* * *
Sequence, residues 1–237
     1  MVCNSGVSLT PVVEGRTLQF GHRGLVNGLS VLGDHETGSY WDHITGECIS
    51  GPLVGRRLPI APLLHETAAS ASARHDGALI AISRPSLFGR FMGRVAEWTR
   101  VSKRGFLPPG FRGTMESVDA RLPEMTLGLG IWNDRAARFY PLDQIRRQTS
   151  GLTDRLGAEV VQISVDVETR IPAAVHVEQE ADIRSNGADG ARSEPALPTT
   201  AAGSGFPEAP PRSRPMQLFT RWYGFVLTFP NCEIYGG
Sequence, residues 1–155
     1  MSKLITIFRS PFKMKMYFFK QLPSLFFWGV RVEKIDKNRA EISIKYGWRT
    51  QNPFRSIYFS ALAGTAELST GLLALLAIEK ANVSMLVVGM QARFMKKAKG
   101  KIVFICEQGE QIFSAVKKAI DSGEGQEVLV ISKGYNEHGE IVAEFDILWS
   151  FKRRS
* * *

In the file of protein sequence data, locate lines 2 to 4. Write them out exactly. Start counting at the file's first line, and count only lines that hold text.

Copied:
     1  MVCNSGVSLT PVVEGRTLQF GHRGLVNGLS VLGDHETGSY WDHITGECIS
    51  GPLVGRRLPI APLLHETAAS ASARHDGALI AISRPSLFGR FMGRVAEWTR
   101  VSKRGFLPPG FRGTMESVDA RLPEMTLGLG IWNDRAARFY PLDQIRRQTS